Thanks for those graphs, which are really interesting. Note in particular the
sharp drops in elapsed time or heap for Analysis, Probability, Algebra and
several others. What gets the credit for this?
> On 10 May 2017, at 10:55, Makarius wrote:
> After a delay of some weeks (actually several months since October 2016)
> there is now an updated version of the classic Isabelle build status
> with timing information, see
> http://isabelle.in.tum.de/devel/build_status and its source
> This demonstrates that it is still possible to produce performance
> charts in the quality that we've known from the past. Two main factors
> are relevant for this:
> (1) The physical measurements need to be done without disturbance by
> other processes, especially no other test processes running in parallel
> on the same CPU/memory node. (The numactl tool can be a great help.)
> (2) Data plotting requires care about the gnuplot installation. For
> reasons that I don't understand, various Linux distributions (e.g
> Gentoo) can show quite bad interpolation in gnuplot, and make the data
> look worse than it really is. For the above, I have just compiled
> gnuplot-5.0.6 from the original source and suddenly it worked smoothly.
> The data for the charts is collected as plain log files for archival
> purposes in /home/isatest/cronjob/log/ at TUM. This directory is
> uploaded every day to a PostgreSQL database server in the background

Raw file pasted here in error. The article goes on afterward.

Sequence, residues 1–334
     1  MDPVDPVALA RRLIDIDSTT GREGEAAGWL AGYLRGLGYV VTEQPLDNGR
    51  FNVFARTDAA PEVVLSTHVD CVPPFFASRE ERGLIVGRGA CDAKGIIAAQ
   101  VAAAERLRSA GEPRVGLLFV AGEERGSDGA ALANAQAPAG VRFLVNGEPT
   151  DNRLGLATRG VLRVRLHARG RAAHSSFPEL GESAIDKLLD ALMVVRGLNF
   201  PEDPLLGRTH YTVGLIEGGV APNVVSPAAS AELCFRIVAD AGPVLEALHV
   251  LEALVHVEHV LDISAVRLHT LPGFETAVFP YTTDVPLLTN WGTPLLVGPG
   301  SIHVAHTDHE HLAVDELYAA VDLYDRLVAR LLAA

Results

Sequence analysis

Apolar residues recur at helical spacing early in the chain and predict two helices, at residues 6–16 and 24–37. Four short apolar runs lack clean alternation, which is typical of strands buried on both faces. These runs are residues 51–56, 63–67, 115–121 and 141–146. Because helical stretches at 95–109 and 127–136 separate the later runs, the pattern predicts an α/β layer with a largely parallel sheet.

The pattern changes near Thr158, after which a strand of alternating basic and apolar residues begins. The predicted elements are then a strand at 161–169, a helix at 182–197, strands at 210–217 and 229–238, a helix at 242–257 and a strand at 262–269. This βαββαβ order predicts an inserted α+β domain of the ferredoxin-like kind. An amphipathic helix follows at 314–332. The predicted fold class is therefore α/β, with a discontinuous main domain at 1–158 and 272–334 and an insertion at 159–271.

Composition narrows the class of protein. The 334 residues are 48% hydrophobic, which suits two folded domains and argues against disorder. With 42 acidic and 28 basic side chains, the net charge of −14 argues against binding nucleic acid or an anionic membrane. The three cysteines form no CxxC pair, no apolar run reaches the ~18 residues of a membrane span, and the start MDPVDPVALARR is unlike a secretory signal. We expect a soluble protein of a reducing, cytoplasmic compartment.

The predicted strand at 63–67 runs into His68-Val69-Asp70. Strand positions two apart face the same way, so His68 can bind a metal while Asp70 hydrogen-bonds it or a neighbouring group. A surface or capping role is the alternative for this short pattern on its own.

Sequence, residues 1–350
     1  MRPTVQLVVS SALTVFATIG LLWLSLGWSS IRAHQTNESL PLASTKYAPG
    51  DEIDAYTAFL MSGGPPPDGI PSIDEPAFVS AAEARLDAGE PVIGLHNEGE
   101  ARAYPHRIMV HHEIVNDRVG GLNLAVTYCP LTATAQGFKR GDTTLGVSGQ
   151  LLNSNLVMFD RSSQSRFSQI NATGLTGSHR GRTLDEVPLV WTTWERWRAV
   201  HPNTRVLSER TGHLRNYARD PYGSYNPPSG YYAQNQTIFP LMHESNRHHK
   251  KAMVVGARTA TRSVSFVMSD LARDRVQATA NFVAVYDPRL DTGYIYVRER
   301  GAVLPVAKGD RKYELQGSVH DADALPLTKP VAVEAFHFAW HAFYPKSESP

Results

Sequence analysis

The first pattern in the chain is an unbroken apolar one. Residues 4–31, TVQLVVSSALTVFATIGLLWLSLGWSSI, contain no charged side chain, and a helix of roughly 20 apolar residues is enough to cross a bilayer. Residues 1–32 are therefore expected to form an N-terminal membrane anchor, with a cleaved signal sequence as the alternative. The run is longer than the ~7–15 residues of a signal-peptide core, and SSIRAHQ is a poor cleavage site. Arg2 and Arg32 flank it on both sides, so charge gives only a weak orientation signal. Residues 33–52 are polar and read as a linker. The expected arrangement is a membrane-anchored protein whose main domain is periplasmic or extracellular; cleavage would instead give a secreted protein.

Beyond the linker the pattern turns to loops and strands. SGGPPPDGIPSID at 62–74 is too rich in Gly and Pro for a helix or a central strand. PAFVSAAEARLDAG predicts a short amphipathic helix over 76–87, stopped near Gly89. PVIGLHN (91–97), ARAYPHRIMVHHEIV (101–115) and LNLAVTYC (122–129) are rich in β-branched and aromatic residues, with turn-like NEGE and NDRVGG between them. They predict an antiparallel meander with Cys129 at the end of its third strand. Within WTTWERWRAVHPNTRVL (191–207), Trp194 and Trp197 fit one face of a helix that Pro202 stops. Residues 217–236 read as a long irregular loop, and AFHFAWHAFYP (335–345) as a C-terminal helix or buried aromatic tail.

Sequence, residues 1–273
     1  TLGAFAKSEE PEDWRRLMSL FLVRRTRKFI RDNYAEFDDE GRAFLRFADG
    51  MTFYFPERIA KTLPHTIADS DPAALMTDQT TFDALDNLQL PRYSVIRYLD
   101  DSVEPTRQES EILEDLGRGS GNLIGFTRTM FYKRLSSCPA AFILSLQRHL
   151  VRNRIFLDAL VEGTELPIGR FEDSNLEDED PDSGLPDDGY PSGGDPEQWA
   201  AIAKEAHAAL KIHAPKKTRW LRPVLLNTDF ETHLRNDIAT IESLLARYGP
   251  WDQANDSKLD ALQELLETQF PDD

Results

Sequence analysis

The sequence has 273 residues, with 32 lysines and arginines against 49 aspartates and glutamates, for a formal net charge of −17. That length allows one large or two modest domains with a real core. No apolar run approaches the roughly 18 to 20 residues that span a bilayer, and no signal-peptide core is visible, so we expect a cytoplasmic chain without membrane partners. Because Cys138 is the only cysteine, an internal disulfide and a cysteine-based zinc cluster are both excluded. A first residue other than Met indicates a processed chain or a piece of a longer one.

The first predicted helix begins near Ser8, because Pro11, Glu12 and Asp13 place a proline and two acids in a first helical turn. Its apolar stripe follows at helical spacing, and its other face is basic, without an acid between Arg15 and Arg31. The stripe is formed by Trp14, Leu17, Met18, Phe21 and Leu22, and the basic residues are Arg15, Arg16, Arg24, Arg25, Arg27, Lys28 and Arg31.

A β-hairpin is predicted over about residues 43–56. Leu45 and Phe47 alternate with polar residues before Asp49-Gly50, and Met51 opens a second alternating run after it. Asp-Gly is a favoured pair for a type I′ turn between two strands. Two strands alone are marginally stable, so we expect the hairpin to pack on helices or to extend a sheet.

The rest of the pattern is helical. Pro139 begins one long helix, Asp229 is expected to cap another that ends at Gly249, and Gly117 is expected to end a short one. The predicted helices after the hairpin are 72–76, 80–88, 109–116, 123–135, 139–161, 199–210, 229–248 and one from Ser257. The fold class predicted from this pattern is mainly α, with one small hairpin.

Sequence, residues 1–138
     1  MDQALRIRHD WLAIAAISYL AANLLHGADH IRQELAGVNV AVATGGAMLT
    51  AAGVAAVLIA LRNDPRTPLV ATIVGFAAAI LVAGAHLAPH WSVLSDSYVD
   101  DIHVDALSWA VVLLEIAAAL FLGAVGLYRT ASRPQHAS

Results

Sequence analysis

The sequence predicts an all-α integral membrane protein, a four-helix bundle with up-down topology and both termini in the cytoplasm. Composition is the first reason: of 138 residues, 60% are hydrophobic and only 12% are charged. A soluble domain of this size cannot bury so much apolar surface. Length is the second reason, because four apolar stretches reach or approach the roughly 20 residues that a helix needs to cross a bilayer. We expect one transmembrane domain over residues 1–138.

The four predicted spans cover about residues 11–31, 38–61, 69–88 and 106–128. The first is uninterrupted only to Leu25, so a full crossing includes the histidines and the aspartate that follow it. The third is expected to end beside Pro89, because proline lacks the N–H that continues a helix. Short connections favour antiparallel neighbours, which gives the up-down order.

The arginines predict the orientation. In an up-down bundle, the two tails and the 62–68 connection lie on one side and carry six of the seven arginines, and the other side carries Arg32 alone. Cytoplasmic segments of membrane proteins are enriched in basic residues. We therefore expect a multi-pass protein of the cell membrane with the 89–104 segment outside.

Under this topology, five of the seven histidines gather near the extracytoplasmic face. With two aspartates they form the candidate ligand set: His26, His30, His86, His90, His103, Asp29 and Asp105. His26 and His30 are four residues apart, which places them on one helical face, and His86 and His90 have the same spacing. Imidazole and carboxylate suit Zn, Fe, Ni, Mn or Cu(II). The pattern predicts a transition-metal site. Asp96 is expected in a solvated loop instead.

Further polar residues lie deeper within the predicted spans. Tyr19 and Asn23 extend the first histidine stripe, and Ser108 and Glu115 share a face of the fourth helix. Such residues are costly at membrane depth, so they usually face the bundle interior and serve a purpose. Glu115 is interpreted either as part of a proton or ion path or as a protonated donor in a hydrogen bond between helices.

> (only accessible by "isatest"). It can then be used with tools like
> "isabelle build_status" to make the charts.
> In addition, there is a small database snapshot in SQLite format:
> http://isabelle.in.tum.de/devel/build_log.db -- e.g. for exploration
> with sqlitebrowser (which also supports minimal plotting). Here is an
> example query for its "Execute SQL" window:
> SELECT pull_date, heap_size FROM isabelle_build_log
> WHERE session_name = 'HOL-Analysis' AND build_host = 'lxbroy9' AND
> threads = 1
> ORDER BY pull_date
> Comparing this with threads = 2 shows that heap images produced by a
> multi-threaded build process are slightly bigger, which I did not know
> before. So this is one of the usual starting points for performance and
> resource usage tuning, based on such relevant performance measurements.
> There is more in the data that is not plotted yet, e.g. the precise
> relation of tests run with threads=1,2,4,6. Or online heap usage, thread
> activity, future tasks, etc. for an individual process (ml_statistics).
> At last we are no longer "flying blind" ...
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